Removing Odors in a Drycleaning Machine

Almost nothing can run off customers as fast as getting their clothes back and they smell like vomit, stinky feet or just putrid. Removing odors is critical.

This is always caused by free moisture in a lighter than water type solvent that allows bacteria to grow and multiply.  Once the odor begins it can be very difficult to remove; below is an outline on how to methodically remove the odor and then how to prevent it from happening again.

Removing the Odor

All of the solvent must be pumped from the machine and frequently disposed of because it will be impossible to effectively and economically remove the odors.  Remember the solvent is probably a hazardous waste and must be handled according to state and federal regulations.  After the solvent has been removed all of the base tanks must be opened and the build-up of muck, lint and debris must be raked out and removed…ALL of it.

The filters need to be removed and discarded if they are cartridges.  The filter housings can then be closed back up.  If the filter is a spin disk they also need to be drained, removed and cleaned.  After cleaning they can be soaked in a solution of trisodium phosphate (TSP) and water for a half hour or so then rinsed thoroughly with water.  After rinsing they can then be lightly sprayed with a solution of about 1/8 cup of sodium hypochlorite bleach (Clorox) to a gallon of water.  While mixing and spraying avoid breathing the fumes.  Also clean the disk housing thoroughly, rinse with water then spray lightly with the Clorox solution.

Next, fill the base tank with water to cover the bottom with about four inches of water and add one or two pounds of TSP, the idea is to get a high pH cleaner where the tanks and piping are contaminated.  The TSP can be added while the water is being added to the tank.  Cleaning of the tank will be better and faster if the water is heated to about 110 to 120 degrees F.

After the tank has water in it a wand can be made by using a five or six foot section of flexible copper tubing and attaching an air supply to the tubing.  Put the end of the tubing in the base tank and move it all around the bottom and sides of the tank in order to get the water/TSP mixture to all parts of the inside of all the tanks.  If it is possible this mixture needs to be circulated throughout the machine including the piping, pumps and filter housings.  The purpose is to get the water/TSP mixture to all internal parts of the machine that comes in contact with solvent.  Do not forget to also clean the internal parts of the still and piping back to the distilled tank.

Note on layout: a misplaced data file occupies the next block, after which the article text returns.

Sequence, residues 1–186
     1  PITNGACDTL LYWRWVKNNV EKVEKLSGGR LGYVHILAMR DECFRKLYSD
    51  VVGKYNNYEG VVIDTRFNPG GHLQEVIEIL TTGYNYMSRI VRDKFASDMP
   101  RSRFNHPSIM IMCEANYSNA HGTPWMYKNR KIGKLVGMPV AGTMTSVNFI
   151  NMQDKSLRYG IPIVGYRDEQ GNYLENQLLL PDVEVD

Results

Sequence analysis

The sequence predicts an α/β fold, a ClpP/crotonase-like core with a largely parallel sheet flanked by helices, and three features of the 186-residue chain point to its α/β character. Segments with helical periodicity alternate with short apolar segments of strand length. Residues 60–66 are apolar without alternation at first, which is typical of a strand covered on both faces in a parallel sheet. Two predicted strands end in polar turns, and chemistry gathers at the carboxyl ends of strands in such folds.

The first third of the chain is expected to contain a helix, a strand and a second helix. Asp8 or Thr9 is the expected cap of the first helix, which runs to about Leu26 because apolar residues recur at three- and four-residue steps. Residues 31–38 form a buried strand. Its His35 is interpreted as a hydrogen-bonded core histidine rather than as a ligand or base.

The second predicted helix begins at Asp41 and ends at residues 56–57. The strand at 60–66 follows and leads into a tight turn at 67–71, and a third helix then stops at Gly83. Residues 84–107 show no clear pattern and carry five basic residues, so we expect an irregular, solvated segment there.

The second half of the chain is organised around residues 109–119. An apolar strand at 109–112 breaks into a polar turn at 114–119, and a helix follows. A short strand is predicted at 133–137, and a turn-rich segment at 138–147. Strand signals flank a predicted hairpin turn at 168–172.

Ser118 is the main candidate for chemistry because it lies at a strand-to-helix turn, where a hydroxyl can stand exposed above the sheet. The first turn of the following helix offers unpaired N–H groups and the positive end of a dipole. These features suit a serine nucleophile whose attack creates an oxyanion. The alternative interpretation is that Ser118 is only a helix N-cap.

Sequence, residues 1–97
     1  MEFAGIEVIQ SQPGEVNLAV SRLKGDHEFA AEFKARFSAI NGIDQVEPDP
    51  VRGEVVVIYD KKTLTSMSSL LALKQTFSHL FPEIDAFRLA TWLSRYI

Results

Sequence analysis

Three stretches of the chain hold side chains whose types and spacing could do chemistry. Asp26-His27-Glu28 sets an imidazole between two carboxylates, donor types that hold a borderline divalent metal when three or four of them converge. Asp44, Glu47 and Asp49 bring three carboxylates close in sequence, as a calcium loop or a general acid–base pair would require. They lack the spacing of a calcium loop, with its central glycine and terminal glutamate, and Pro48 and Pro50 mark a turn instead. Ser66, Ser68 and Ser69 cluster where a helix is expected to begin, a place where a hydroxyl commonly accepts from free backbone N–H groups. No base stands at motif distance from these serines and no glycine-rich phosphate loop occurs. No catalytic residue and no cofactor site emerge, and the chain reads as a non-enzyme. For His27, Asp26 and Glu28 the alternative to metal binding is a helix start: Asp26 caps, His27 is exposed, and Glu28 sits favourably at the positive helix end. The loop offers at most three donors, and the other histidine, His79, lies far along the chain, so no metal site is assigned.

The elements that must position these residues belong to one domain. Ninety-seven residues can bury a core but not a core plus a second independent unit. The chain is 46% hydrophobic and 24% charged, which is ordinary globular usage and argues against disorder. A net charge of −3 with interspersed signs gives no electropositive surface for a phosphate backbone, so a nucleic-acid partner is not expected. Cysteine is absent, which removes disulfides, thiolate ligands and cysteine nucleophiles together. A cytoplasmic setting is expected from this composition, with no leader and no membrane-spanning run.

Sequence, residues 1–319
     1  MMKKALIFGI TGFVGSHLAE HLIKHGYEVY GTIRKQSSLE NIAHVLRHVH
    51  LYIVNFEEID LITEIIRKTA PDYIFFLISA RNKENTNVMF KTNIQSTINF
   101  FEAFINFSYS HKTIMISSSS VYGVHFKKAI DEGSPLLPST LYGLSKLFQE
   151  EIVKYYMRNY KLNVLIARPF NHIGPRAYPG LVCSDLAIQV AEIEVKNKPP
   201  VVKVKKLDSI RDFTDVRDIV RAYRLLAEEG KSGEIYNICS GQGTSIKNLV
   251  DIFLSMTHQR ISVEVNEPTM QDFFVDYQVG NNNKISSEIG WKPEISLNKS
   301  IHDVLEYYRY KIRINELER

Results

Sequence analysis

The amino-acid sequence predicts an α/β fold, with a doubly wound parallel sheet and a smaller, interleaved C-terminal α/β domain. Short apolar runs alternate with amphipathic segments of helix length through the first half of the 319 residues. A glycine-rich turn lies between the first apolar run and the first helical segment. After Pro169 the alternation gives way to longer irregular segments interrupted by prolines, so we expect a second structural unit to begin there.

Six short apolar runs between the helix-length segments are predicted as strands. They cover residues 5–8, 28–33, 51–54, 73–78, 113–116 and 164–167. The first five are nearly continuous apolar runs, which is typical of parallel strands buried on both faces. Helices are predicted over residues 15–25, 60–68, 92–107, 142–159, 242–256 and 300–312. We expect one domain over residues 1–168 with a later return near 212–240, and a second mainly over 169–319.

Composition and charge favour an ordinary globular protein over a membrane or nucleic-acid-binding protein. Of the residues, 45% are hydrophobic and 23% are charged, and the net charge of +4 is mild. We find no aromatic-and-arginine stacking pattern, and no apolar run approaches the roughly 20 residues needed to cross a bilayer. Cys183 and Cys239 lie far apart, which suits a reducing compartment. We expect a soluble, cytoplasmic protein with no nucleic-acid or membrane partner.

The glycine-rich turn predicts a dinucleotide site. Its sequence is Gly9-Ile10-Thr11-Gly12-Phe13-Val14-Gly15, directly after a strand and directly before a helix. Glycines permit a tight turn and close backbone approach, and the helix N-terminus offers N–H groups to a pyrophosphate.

Caution, do not take shortcuts by not cleaning even a small part of the internals of the machine as the bacteria can then come back and start all over.

After the machine is internally cleaned the water can be drained back to the base tanks and pumped out into containers.  Then a water hose can be briefly used to rinse the internals of all tanks and piping.  It is not necessary to thoroughly flush the inside as the TSP will not cause corrosion.  Once the tanks and internal piping has been cleaned it should be dried with fans, compressed air or any other means.  The idea is to remove as much of the residual water as possible.

Once the machine is again closed up, including replacing the filters, either cartridges, screens, tubes, bags or cartridges, refill with new or odorless distilled solvent.  Do not add detergent at this time.  Run a load of very slightly damp blankets or other absorbent fabric and this should pick up the remaining moisture.  The solvent can then be charged with approximately ½ to ¾ percent charge of an anionic detergent which will pick up the rest of the moisture.  If there was a slight filter pressure rise this may go back down as the detergent picks up the remaining moisture and holds it in suspension.  Any remaining free moisture will be all removed when the first load of clothing is cleaned.

Remember that all of the liquid that has been on the inside of the machine is probably hazardous waste and must be handled accordingly.

To Prevent Solvent Odors

First remember that most all odors in solvent are from the misuse of moisture or water leaks somewhere into the solvent.  Free moisture will tend to stay in one place of a base tank where there is very little solvent movement.  Some cleaners use their flexible copper tubing with air apparatus to stick in all parts of the base tank while blowing air to thoroughly get the sludge in suspension and then get it onto the filter so it can be removed.  This should be done at least once a week.  Some of the solvent can also be sent to the still after the sludge is in suspension.

It is perfectly OK to use a moisture addition in a drycleaning system without corrupting the solvent.  Moisture must never be allowed to become free moisture by reducing the anionic detergent, allowing water leaks into the system or, overusing moisture either through a moisture addition or spray prespotting spotting.  The quick check for the amount of moisture is to look at acetate jacket linings, after cleaning, for fine wrinkles that tend to go in all directions.  When you see this the solvent is either too hot, undercharged or, there is free moisture in the solvent.  Whenever there is an odor problem in a lighter than water solvent machine it is best to thoroughly clean the inside of the machine rather than add some “miracle cure” in hopes that it will go away.

A small amount of “bound” moisture should be maintained in the solvent by additions to most every load in order to reduce water soluble spotting and body odors, graying and other soils.

For more information on the use of moisture in drycleaning “See Moisture in Drycleaning” under Plant Operations at Textilecleaning.com